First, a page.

It is one of three works dedicated to Mary Campbell, with whom Burns was in love in the 1780s. The others, "Highland Lassie, O" and "Will Ye Go to the Indies My Mary?", were composed in 1786. "Highland Mary" consists of four stanzas that speak of Burns's affection for the lady, his melancholy at her death and his continued memory of her.
Burns said of his song, "This was a composition of mine in very early life, before I was known at all in the world. My Highland lassie was a warm-hearted charming young creature as ever blessed a man with generous love. After a pretty long tract of the most ardent reciprocal attachment we met by appointment, on the second Sunday of May, in a sequestered spot by the Banks of Ayr, where we spent the day in taking farewell, before she should embark for the West Highlands to arrange matters among her friends for our projected change of life. At the close of Autumn following she crossed the sea to meet me at Greenock, where she had scarce landed when she was seized with a malignant fever, which hurried my dear girl to the grave in a few days, before I could even hear of her illness."She was staying in Greenock with relatives whilst waiting to take up employment with the family of Colonel McIvor at Glasgow.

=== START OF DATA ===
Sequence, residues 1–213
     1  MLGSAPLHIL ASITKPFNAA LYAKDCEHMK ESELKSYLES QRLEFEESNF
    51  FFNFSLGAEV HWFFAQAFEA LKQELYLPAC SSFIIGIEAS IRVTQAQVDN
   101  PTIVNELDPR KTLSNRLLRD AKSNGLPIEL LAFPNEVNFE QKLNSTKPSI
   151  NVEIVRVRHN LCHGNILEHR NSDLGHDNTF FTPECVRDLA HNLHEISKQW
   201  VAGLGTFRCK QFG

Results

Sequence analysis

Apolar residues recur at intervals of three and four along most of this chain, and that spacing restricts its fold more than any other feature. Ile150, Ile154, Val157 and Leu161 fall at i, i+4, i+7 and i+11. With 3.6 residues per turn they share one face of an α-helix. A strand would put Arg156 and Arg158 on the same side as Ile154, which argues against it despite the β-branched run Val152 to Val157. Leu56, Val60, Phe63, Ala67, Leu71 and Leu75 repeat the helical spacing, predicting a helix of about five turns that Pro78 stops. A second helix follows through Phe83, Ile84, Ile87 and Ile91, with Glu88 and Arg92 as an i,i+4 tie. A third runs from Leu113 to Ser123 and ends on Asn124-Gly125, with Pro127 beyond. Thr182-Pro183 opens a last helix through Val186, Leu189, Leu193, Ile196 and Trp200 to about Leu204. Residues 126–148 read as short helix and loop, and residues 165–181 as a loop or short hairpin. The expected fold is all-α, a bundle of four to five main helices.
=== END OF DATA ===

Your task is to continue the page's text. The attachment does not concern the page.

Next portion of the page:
Mary Campbell died at the age of 23, around 20 October 1786, probably from Typhus contracted when nursing her brother Robert. She was buried in the old West Kirk churchyard at Greenock, in a lair owned by her host and relation Peter Macpherson.
In 1842 a monument in her memory was designed by John Mossman. A statue of her by David Watson Stevenson was also erected in 1896 at Dunoon on the Castle Hill, overlooking the Firth of Clyde. In a solemn ceremony on 13 November 1920 Mary's remains were re-interred in Greenock Cemetery under the 1842 Mossman monument moved from the old West Kirkyard.
How sweetly bloom'd the gay green birk!
How rich the hawthorn's blossom!
As underneath their fragrant shade,
I clasp'd her to my bosom!
The golden hours, on angel wings,
Flew o'er me and my dearie;
For dear to me, as light and life,
Was my sweet Highland Mary!
Wi' mony a vow, and lock'd embrace,
Our parting was fu' tender;
And, pledging aft to meet again,
We tore oursel's asunder;
But, oh! fell Death's untimely frost,
That nipt my flower sae early! -
Now green's the sod, and cauld's the clay,
That wraps my Highland Mary!
O pale, pale now, those rosy lips,
I aft hae kiss'd sae fondly!
And clos'd for aye the sparkling glance
That dwelt on me sae kindly!
And mouldering now in silent dust,
That heart that lo'ed me dearly -
But still within my bosom's core
Shall live my Highland Mary!